The ironer is at the heart of the finishing line and it is by the quality of the finished goods that the customer judges the laundry’s standards.

As Kannegiesser’s director of engineering Michael Harre points out, the ironer also has a big impact on productivity of the whole laundry and both factors have a strong influence on purchasing decisions.
The company explains that to achieve the best productivity, the ironer’s evaporation rate must be high enough to run the system at high speed and its working width must be able to accommodate the linen. It must be able to produce the quality in both the body and the edges that the customer demands.
Wim Demeyer at Lapauw points out that other considerations can include the available working space, the need to balance production with labour costs, and energy consumption.
However the emphasis placed on these factors will vary. Hospital laundries will make efficiency a priority while those serving hotels and restaurants will need to produce high quality standards as well as operating efficiently.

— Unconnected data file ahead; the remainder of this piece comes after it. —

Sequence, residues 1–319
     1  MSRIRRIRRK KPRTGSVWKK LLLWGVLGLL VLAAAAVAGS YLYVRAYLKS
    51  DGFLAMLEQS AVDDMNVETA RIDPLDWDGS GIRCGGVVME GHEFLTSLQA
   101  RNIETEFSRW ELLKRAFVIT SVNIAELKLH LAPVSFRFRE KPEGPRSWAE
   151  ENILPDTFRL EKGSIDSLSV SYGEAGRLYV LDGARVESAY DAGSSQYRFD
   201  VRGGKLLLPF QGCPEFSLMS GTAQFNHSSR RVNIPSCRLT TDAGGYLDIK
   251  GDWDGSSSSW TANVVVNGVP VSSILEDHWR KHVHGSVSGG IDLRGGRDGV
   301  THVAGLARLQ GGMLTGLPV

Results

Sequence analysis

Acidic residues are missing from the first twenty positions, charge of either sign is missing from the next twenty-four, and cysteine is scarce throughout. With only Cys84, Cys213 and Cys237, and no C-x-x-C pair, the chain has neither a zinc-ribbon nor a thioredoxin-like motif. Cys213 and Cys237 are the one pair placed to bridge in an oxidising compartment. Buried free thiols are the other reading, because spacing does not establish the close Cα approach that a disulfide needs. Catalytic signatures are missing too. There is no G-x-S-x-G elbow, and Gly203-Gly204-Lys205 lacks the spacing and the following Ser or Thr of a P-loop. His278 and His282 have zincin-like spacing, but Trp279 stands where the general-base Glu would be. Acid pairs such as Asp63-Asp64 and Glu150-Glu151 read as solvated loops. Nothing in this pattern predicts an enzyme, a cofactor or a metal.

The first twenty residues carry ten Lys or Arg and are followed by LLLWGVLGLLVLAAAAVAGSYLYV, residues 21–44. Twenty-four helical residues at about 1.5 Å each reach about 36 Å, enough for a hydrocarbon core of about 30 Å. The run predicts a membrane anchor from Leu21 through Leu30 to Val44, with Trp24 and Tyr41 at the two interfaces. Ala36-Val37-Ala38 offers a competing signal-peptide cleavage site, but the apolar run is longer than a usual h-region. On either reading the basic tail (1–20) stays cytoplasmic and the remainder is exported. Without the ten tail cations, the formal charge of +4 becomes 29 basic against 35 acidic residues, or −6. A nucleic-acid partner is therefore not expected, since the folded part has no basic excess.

There are also regional differences to take into account, says Demeyer. In South East Asia and in Eastern Europe there is growing interest in energy efficiency and so demand for gas-heated ironers in growing.
The USA shares this interest, despite stabilising and even declining energy costs. Some local governments offer incentives for purchasing energy efficient equipment.
But health and safety is high on the agenda both in the USA and Europe and more and more laundries are looking at reliability and the lifetime costs.
Harre at Kannegiesser says that requirements also depend on the textiles being used.
Heavy cotton sheets with a high moisture content can be processed at high temperature and high-roll pressure. Thinner pieces and polycottons need a lower temperature to avoid overdrying and also static problems on the folders.